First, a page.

Space, the Final Frontier

Being an employee at Sundog entitles us to a number of different benefits.  One of our benefits is having our birthday off.  Figuring out what one should do on their birthday when everyone else is working can be difficult.  This year I decided to go the adventure geek route and do some upper-atmospheric exploration!  Upper-atmospheric exploration?  What is upper-atmospheric exploration?  If you have been reading this blog for some time you will know that I have done this type of thing before.  Long story short, I explore this region by launching a weather balloon.  The payload for the weather balloon has different types of sensors, cameras, and tracking equipment for successful recovery.

The maiden voyage had just one piece of hardware on board which met all these requirements, an Android phone.  With that successful launch, I had another launch last year which was not as successful as the first.  With that failure, I learned from my mistakes and rebuilt from the ground up.

This launch I went with a small cooler which was the perfect size to hold the equipment.  The equipment for this launch included the trusty old HTC Incredible 2, a GoPro HD Hero 2, and a SPOT Connect.  The Incredible would be running my custom software I created, SpaceTracker and findMe.  This software would take care of taking pictures at a specified time interval, tracking, and recording location data including speed, latitude, longitude, and altitude.  The GoPro would be taking video of the journey and the SPOT Connect would be for backup tracking since it communicates location information via satellites and does not rely on cellular networks.

Learning from my mistakes from last launch, everything with this launch went according to plan.  My dad, brother, and I got together in the morning of the 24th, did preflight checks which included lift and hardware functionality and everything was good to go.  We launched the balloon, received tracking updates of it’s flight, and three hours after it launched, we were rewarded with information of it’s final location.

The day before the launch I had made a prediction based off of ground winds and jet stream of where it would land.  My prediction was essentially a 13 mile stretch of Hwy 34.  It ended up landing just east of where I predicted.  I was very happy about this as when we received notification of where it was, we only had to drive about 18 miles to go get it.  Also, retrieving the payload was much easier than last time.  We only had to hike about 100 yards into thick forest/swamp off of a main highway.  Recovery when we got to the site only took about 15 mins.  To my surprise, my software was still running.  I would have thought that the battery would have died but some tweaks to the efficiency of the phone really paid off as there was still half a charge left.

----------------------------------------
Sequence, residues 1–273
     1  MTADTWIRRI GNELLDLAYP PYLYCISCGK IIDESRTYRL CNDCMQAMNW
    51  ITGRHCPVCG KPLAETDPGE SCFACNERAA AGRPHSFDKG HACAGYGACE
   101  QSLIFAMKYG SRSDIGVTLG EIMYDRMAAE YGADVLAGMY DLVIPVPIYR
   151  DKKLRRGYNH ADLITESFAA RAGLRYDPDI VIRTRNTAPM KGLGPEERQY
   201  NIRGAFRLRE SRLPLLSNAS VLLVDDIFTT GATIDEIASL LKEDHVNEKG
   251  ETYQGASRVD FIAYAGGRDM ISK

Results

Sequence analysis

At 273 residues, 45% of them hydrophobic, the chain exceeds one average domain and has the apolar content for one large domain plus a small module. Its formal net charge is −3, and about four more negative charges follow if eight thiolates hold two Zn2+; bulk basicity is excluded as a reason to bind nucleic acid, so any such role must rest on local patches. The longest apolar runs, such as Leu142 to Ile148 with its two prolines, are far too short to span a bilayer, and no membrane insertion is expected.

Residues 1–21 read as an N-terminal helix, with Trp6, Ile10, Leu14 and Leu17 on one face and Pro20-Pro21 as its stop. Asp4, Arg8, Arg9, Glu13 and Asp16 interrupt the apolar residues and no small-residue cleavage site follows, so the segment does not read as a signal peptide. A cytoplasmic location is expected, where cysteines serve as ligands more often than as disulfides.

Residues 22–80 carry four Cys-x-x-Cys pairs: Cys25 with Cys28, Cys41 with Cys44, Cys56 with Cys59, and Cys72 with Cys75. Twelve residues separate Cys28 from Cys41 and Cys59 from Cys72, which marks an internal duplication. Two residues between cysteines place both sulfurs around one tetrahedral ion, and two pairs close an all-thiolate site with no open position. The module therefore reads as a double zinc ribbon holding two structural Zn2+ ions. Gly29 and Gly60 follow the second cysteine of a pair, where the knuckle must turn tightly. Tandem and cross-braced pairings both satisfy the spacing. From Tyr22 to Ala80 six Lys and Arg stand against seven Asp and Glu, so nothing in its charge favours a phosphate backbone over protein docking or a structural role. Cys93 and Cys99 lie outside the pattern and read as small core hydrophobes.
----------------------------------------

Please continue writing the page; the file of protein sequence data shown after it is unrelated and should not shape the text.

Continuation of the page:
Out of everything in the payload, the phone worked the best.  The SPOT did eventually send us a location update approximately two minutes before we actually recovered the payload.  And the GoPro, well, let’s just say that it doesn’t like 64GB class 10 cards.  There was no usable data that we could recover from the GoPro.  If you check the forums, there are a lot of people that have had the same issue with 64GB cards which is why I will be sticking to a 32GB card from now on.  Since the GoPro didn’t work and I really wanted video, there will need to be another launch.  I should be able to incorporate the Thermodo when I get it.  I am still happy that it worked out even though I didn’t get all the data that I was hoping for.

Max Speed: 117.87 mph
Max Altitude: +/- 90,000ft
Distance Traveled:  84.37 miles
Flight time till balloon burst:  2 hours
Total flight time: 2 hours 28 minutes
Total images captures: 2169

Setting Up

Setting up

Launch Site

Launch site

The atmosphere is so small…

Good upper

The balloon bursts!

Balloon bursts

The recovery




Flight path

Flight path

Album Link A
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Album Link C
If you have any questions or comments, feel free to post them!

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